TAGGED AS: Animation, batman, Box Office, Comic Book, Drama, Film, joker, movies, Warner Bros.
There is no surprise just how well Todd Phillips’ Batman villain spinoff, Joker, did at the box office. Ticket buyers showed up in anticipation and curiosity on what the director of The Hangover trilogy would bring to the iconic villain, last portrayed by Jared Leto in Suicide Squad. Of course, it was Heath Ledger’s take that won the Oscar in Christopher Nolan’s The Dark Knight. Is Joaquin Phoenix in the running for one as well?
(Photo by Niko Tavernise / © Warner Bros. / courtesy Everett Collection)
Joker can already claim a few October victories: Its $39 million Friday beat the record set by 2018’s Halloween, which started with $33 million. Then Joker bested the all-time October weekend record ($93.50 million) set also last year by Venom ($80.25 million), along with Venom‘s Thursday previews top standing ($10 million) by grossing $13.3 million.
Joker is the 77th film to open to $90 million or higher. Not one of them failed to reach at least $200 million and only 11 failed to reach $250 million, including It: Chapter Two which is not going to make it. Believe it or not, of the 206 films to gross over $200 million, only 17 have been rated R — a list that includes two Deadpools, two Its and a pair of Hangovers, directed by Joker‘s Todd Phillips.
(Photo by Yash Raj Films / courtesy Everett Collection)
Two Asian films did very well in limited release. Siddharth Anand’s War grossed $1.58 million in just 305 theaters, good enough to finish in the Top Ten. Then My People, My Country came really close, finishing 11th with $865,000 in just 70 theaters for the third highest per-theater-average in the Top Ten behind Joker and Pedro Almodovar’s Pain and Glory which grossed $160,087 in four theaters. Compare those numbers to another notable limited release this week…
(Photo by Fox Searchlight Pictures. All rights reserved. / courtesy Everett Collection)
Not doing well at all in limited release is Fox Searchlight’s Lucy in the Sky, which earned $55,000 in 37 theaters this weekend. Lucy’s $1,486 per theater average is bad enough to make Fox Searchlight’s worst ten PTAs of all-time. Currently 10th (out of the nearly 190 films in their history) if the estimates don’t get worse, it’s a list that includes the likes of this year’s Tolkien; Lucia, Lucia; Miss March; Whiteboyz; Jean-Marc Vallee’s Demolition; Richard Linklater’s Fast Food Nation; The Art of Getting By; Wilson; and Alex Proyas’ Garage Days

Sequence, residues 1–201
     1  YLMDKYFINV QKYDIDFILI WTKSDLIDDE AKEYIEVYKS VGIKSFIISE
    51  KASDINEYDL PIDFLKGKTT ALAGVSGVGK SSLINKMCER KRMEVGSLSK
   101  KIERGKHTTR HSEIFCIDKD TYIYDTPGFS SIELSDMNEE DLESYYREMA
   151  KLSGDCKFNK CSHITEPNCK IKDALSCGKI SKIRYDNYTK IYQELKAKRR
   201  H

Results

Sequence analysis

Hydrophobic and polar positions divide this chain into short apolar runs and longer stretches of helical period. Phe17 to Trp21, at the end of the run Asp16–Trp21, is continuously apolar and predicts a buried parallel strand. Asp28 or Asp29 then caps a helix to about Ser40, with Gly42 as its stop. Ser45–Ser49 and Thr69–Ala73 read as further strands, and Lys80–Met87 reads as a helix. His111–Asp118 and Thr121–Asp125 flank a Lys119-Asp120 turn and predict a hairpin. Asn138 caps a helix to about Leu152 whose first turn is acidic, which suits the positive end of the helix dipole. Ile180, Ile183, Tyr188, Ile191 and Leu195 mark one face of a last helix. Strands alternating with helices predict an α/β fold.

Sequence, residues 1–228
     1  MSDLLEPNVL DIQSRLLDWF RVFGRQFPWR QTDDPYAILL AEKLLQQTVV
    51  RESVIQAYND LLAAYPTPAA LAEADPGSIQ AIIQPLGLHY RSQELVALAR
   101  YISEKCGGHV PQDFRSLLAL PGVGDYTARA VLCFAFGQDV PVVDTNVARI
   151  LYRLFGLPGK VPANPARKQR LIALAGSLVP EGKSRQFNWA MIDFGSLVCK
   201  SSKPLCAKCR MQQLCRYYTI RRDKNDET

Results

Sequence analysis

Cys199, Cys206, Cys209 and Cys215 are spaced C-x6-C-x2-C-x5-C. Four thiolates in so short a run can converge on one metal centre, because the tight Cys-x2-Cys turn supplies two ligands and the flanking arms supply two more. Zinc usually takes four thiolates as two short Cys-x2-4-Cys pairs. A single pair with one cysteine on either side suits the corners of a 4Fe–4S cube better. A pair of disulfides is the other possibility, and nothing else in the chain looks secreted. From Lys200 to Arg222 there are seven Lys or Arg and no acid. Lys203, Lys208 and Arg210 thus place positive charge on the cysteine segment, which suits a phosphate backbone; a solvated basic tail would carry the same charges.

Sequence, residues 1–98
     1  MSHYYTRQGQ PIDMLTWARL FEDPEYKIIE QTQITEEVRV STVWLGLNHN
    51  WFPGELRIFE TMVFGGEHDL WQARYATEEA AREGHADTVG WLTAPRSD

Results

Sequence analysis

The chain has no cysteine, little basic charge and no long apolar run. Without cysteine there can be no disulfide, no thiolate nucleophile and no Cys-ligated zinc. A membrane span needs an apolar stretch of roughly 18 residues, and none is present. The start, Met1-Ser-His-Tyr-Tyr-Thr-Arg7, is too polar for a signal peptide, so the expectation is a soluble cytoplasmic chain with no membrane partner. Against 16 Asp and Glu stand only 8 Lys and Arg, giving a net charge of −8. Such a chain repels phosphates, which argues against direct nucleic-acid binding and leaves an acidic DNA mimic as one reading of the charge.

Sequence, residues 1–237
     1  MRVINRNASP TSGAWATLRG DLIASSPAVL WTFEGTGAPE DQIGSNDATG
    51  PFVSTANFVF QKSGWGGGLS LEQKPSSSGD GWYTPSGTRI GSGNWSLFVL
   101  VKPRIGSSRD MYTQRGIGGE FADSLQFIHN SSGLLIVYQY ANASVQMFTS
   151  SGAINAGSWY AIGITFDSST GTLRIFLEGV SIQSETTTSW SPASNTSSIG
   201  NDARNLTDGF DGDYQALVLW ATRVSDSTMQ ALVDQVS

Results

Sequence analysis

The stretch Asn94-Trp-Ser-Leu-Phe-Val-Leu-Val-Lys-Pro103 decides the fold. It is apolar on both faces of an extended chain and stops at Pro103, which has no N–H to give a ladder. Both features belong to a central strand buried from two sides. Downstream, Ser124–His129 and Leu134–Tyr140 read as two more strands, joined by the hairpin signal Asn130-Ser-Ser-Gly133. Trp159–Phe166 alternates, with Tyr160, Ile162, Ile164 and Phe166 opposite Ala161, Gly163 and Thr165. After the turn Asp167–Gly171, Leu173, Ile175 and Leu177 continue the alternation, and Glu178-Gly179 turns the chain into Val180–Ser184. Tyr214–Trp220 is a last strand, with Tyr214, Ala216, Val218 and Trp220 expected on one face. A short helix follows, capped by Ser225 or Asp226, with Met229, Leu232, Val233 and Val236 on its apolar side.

(Photo by Universal Pictures)
Last week’s #1 family offering, Abominable, dropped 41.8% to second place this week with $12 million. With $37.8 million total after ten days, that puts it between 1998’s Antz ($35.6 million) and 2012’s Rise of the Guardians ($38.4 million). Those films legged out to $90.7 and $103.4 million totals, respectively. Abominable will instead close out similarly to The Lego Ninjago Movie with a final estimate between $60-65 million. That’s well behind Smallfoot’s $83 million last year. The film has only made an additional $10.3 million overseas so far which is not great for the $75 million production and is likely to become Universal’s first red mark since Little in April.
As mentioned, It Chapter Two joined the ranks of the $200 million club this weekend with its $5m pick-up. In other pending milestone news, Hustlers has the 11th best total for a September release after 24 days, earning $6m this weekend, and is headed for somewhere around $105-110 million. Downton Abbey may be out of range to join the $100 million club, with $8 million this weekend, but it is primed to best the $83 million grossed by Brokeback Mountain to become Focus Features’ all-time domestic grosser. Roadside’s Judy with Renee Zellweger jumped from 461 theaters to 1,458, grossing $4.4 million.
In less promising news, Fox’s Ad Astra has just about hit the wall in North America with a $4 million weekend, and is limping its way to $50 million. The film would still need another $128 million to break even based on its most conservative cost estimates. Rambo: Last Blood is not doing much better, but also cost less. With $64 million worldwide, after a $3 million domestic gain this weekend, the film still needs around another $86 million to get into the black.
(Photo by Columbia / courtesy Everett Collection)
Last year, October kicked off with the biggest top ten haul of all-time this month. Similarly, it also kicked off with a big comic book spinoff – albeit from Marvel – as Venom opened to the biggest October weekend of all time with $80.2 million. But hold on: Bradley Cooper’s A Star is Born opened as well. Even though it finished second with a strong $42.9 million it would go on to outgross Venom: $215 million versus $213m. The Fathom event broadcast of the Met Opera Aida actually grossed enough on just Saturday night to finish tenth overall with $1.18 million.
(Photo by Paramount Pictures / courtesy Everett Collection)
The best chance to unseat Joker next weekend rides with not one, but two Will Smiths in Ang Lee sci-fi actioner, Gemini Man. Meanwhile, United Artists does not appear to be expecting great notices for their animated version of The Addams Family. It has been 28 years since the last live-action version of the television theaters hit theaters. The Hangover writers and Bad Moms directors, Jon Lucas & Scott Moore, will try to pull off a wacky version of Spike Jonze’s Her with the Adam Devine-starring Jexi. Otherwise, you’ll find Bong Joon-Ho’s Parasite opening in limited release next week.
Erik Childress can be heard each week evaluating box office on WGN Radio with Nick Digilio as well as on Business First AM with Angela Miles and his Movie Madness Podcast.
[box office figures via Box Office Mojo]
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